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    How much water do you need each day?

    We all know hydration is important - but how much should you drink for a fully functioning body?

    We’re always being encouraged to stay hydrated. Water is essential to our health and wellbeing, in so many different ways. But how much water do we actually need? It all depends on individual metabolism, how physically active we are and the environmental conditions we live in.

    Around 50-80% of our body weight is water. The higher our lean mass, the higher the water content. We need water for most body processes including digestion, absorbing and transporting nutrients, disposing of waste products and keeping our body temperature stable.

    If we don’t drink enough fluids to replace the approximate 2,000-3,000 mL of water we lose each day, we can become dehydrated, and even as little as 2% dehydration reduces our physical and mental performance.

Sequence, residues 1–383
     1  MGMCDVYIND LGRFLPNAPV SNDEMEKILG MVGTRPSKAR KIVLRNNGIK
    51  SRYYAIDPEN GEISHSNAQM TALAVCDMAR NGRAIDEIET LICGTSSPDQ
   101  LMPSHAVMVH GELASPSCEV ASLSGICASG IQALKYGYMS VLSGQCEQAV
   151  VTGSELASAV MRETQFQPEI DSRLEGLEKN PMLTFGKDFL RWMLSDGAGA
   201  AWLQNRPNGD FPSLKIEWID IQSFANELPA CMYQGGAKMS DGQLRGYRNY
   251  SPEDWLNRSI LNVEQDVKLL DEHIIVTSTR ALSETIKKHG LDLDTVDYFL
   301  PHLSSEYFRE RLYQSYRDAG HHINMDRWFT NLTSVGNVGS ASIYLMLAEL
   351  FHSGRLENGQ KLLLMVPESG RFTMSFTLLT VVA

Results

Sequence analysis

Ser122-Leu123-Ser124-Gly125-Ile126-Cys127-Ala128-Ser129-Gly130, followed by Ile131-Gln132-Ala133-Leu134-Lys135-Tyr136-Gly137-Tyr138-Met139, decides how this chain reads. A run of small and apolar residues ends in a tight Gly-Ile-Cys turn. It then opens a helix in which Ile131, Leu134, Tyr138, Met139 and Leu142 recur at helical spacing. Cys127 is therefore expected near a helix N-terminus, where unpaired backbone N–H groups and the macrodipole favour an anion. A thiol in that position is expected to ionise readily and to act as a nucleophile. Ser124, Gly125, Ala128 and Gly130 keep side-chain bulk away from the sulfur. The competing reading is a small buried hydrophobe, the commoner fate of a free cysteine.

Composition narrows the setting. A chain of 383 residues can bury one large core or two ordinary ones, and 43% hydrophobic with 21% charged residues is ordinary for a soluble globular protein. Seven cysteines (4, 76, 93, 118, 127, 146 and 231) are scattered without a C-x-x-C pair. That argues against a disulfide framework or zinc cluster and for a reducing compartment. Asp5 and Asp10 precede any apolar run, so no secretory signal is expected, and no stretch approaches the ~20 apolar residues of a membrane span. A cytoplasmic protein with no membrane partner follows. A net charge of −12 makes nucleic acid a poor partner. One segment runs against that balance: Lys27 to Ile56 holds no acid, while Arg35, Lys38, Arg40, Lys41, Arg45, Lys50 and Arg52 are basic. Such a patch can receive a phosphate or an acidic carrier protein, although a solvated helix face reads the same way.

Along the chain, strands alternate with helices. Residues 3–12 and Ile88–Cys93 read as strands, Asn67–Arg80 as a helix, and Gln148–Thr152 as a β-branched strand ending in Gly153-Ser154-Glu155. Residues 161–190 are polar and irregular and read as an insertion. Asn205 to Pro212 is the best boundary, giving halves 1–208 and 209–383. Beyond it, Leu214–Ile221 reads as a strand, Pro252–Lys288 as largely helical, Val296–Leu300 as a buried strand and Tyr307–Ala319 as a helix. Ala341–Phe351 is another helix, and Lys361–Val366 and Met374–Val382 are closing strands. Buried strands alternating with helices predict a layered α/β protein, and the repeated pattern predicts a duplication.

We lose even more fluids when we exercise (the amount being a little more than the body weight lost in the period of exercise) and we also need to top up our fluids to remain hydrated in a hot climate. Women who are pregnant need to drink around 10% more, and women who are lactating also need to top up throughout the day.

    Do other fluids count?

    Although we talk about how much ‘water’ we need, all drinks, including milk, tea, coffee and flavoured drinks are counted as fluids. The outdated belief that tea and coffee caused dehydration is no longer supported and to the joy of many, the cups of tea and coffee we consume can be ticked off in our daily fluid tally.

    Water of course has an advantage over soft drinks, cordials, fruit drinks, vitamin waters, energy and sports drinks for two main reasons. Firstly, it has no kilojoules, and the extra kilojoules we drink can be the cause of unwanted weight gain. Secondly, it has a low acidity – while soft drinks, fruit juice and artificially sweetened soft drinks are acidic, which can erode teeth enamel.

    Remember that this calculator is a guideline only. Top up your fluids when you exercise and when the temperature rises, and don’t wait until you are thirsty. Keep sipping throughout the day to keep hydrated and functioning at your best.


    References/more information

    Australian Government’s Nutrient Reference Values for Australia and New Zealand

     

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